Jack Vandeleuv’s Thursday night went like this: He went to a diner in Riverside, Missouri, ordered himself a vegetarian omelet and served up arguably the most clear-eyed defense of the Green New Deal yet broadcast on Fox News.
In a series of rapid-fire responses, the 23-year-old library worker from Kansas succinctly laid out the scope of the climate crisis. When Fox News’ Todd Piro pressed him repeatedly on the cost of a Green New Deal ― a favorite Republican talking point ― Vandeleuv’s sober, confident replies seemed to catch the host off guard. A researcher with Media Matters for America tweeted the clip that went viral Thursday night. It drew praise from Rep. Alexandria Ocasio-Cortez (D-N.Y.), the Green New Deal’s lead proponent in the House, who called Vandeleuv an “MVP.”
“How did we pay for World War II?” Vandeleuv asked. “At the end of the day when something is this important our economy is going to suffer if we don’t pay for it.”
Piro, incredulous, asked if he agreed “with the sentiment that this is as big a deal” as the deadliest war in history.
“A little over 400,000 Americans died in World War II,” Vandeleuv said, then cited a World Health Organization estimate of the number of people killed globally from warming-linked extreme weather, drought and disease: “Climate change is killing 150,000 people per year, at least.”
Piro again returned to the cost: “Let’s talk about the money, because that’s a huge part of this. How are we going to pay for it?”
“During World War II, for one thing, the government just pushed some of the cash up front and raised some taxes on some folks,” Vandeleuv said. “But at the end of the day, it stimulated the economy so much everyone benefited.”
“To review,” Piro asked once more, “you are in favor of raising taxes in order to support the Green New Deal?”
“If that’s the optimal solutions economists sort out, I’ll go with that,” Vandeleuv said.
In his first interview since the clip aired, Vandeleuv told HuffPost he’s surprised by his sudden viral fame. A friend had tipped him off earlier that day, telling him a Fox News producer was camped out at the diner looking for subjects to interview ahead of a town-hall broadcast with billionaire Starbucks founder Howard Schultz, who is considering a centrist run for the Democratic presidential nomination.
“The short answer is, I didn’t really prepare for it,” he said. “I just walked into that diner not knowing what to expect at all.”
The last few months have been a formative moment for the recent college graduate’s climate politics. He understood the threat of climate change since he was a kid and first watched Al Gore’s 2006 documentary “An Inconvenient Truth.” But the ceaseless spate of historic natural disasters ― from the back-to-back hurricanes of 2017 to last year’s deadly wildfires ― made the phenomenon realer than before. Then the United Nations report in October, warning that the world must halve global emissions over the next decade or face catastrophic warming, set a harrowing deadline.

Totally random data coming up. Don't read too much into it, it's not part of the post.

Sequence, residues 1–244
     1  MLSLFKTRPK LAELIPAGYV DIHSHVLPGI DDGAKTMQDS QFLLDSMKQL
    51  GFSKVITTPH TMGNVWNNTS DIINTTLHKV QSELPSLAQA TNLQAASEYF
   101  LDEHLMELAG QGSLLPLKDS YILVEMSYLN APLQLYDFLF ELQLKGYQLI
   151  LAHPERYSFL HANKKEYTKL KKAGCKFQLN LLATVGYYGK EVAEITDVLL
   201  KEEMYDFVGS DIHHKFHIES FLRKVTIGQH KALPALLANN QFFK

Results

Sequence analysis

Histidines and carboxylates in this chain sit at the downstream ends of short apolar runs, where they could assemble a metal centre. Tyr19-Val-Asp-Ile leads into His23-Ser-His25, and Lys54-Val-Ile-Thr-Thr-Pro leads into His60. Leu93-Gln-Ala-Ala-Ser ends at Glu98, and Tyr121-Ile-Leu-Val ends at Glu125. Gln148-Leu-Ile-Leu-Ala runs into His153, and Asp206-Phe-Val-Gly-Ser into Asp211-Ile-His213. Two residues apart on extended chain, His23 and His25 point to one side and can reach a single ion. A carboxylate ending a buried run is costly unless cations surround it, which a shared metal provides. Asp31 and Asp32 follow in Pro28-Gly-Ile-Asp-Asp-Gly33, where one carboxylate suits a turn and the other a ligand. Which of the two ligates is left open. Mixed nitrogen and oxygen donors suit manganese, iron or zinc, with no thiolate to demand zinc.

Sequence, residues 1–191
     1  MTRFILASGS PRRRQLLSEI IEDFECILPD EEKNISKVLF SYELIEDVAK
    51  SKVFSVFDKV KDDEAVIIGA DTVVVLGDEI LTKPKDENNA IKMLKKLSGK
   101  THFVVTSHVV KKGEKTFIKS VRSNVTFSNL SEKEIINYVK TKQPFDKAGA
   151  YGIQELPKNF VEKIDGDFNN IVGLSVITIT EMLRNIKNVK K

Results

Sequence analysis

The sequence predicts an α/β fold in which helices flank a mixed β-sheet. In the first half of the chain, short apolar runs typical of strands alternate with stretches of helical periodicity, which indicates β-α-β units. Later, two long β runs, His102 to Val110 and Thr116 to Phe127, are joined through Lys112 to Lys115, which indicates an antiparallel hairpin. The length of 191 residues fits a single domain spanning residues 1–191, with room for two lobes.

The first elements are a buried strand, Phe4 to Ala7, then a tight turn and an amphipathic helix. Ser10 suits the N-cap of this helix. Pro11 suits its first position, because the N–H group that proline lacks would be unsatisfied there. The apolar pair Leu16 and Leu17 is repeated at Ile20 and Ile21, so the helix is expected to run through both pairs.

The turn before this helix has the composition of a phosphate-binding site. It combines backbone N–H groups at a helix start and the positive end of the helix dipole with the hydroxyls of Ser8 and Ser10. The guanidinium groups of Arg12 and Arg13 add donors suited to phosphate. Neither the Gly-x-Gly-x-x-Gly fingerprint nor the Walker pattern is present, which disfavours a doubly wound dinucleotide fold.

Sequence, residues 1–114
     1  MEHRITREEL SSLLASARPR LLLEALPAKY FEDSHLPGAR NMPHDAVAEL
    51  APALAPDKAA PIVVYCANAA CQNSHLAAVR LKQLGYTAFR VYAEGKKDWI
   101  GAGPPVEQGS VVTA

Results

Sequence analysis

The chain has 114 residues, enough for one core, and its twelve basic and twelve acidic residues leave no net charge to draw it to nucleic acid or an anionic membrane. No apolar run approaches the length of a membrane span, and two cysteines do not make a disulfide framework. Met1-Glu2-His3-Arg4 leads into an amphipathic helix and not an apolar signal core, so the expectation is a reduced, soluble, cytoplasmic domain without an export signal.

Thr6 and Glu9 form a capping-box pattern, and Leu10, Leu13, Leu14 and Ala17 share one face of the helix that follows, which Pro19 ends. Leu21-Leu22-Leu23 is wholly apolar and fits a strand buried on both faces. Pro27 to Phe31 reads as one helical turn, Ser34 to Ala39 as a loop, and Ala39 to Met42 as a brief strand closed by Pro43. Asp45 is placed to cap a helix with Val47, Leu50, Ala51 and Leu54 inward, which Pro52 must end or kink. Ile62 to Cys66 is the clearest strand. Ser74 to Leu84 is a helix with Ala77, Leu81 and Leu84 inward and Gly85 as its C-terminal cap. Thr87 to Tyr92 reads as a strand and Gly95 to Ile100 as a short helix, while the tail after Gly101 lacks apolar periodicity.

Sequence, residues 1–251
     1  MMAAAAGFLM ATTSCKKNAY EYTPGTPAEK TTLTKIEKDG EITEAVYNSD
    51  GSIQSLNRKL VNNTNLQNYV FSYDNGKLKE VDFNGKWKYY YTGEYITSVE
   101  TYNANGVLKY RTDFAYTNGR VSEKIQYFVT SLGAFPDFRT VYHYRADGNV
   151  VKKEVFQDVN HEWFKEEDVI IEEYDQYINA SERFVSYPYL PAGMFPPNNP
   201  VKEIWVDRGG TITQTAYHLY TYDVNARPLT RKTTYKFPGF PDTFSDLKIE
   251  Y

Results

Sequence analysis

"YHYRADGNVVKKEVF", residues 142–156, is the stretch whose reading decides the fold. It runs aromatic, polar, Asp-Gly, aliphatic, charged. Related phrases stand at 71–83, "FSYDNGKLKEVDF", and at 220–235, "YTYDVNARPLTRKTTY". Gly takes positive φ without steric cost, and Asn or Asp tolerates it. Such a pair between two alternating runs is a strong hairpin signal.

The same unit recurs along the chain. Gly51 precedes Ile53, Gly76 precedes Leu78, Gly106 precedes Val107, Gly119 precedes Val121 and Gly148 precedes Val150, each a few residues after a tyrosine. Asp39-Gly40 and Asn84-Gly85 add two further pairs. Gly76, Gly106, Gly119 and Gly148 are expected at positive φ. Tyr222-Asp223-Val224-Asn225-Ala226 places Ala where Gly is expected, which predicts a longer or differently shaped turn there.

The emergence for the Green New Deal gave Vandeleuv hope that something could be done. The movement stormed into mainstream politics in November when Sunrise Movement protesters staged sit-ins in then-incoming House Speaker Nancy Pelosi’s office, demanding Democrats make the Green New Deal a top priority in the next Congress. Moved to action, Vandeleuv joined Kansas City’s upstart Sunrise Movement chapter.
“I was really inspired by that,” he said. “Like, ‘Wow, I can actually participate in this in my community.’”
He’s now helping to organize a town-hall meeting next month in Kansas City to educate voters about the promise of a Green New Deal.
He said it’s fair to ask about the cost of a Green New Deal. But, on Fox News, it seems to be an obsession, he said. Republicans on the channel frequently claim the Green New Deal would cost $93 trillion ― a completely bogus number, as Politico reported. In reality, it’s impossible to put a price tag on the Green New Deal because it’s not yet policy. The only existing legislation on the Green New Deal is a joint resolution Ocasio-Cortez and Sen. Ed Markey (D-Mass.) released in February outlining the core tenets of what future bills should include. The resolution is a statement of purpose, not a policy itself.
“It’s a question of proportionality,” Vandeleuv said. “If it was one-sixth of the coverage or one-seventh of the coverage, it would be OK. But if you turn on Fox News it seems like the majority of the time it’s ‘What’s it gonna cost? What’s it gonna cost?’”
Guessing the questions would be loaded and asked in bad faith, he weighed whether it was appropriate to appear on the channel at all.
“What I come back to over and over again is that when it comes to climate change, there is very real value in talking about it all the time,” he said. “It’s something that has slipped people’s minds for years and years. Even if you’re a Fox News viewer and sympathize with the Fox News viewpoint, I want you to talk about it.”
That approach appears to be working for him. After the segment, the man sitting to his right at the diner, a self-declared “very conservative voter, not on board with the Green New Deal or climate” spent about 20 minutes talking to Vandeleuv.
“If anything resonated with him, it was the analogy to World War II,” Vandeleuv said. “He remembers there was a great problem in America. The government stepped in and funded this great, massive military to fight the Nazis.”
“People understand the broader strokes of history,” he added. “Focusing on that can be very helpful.”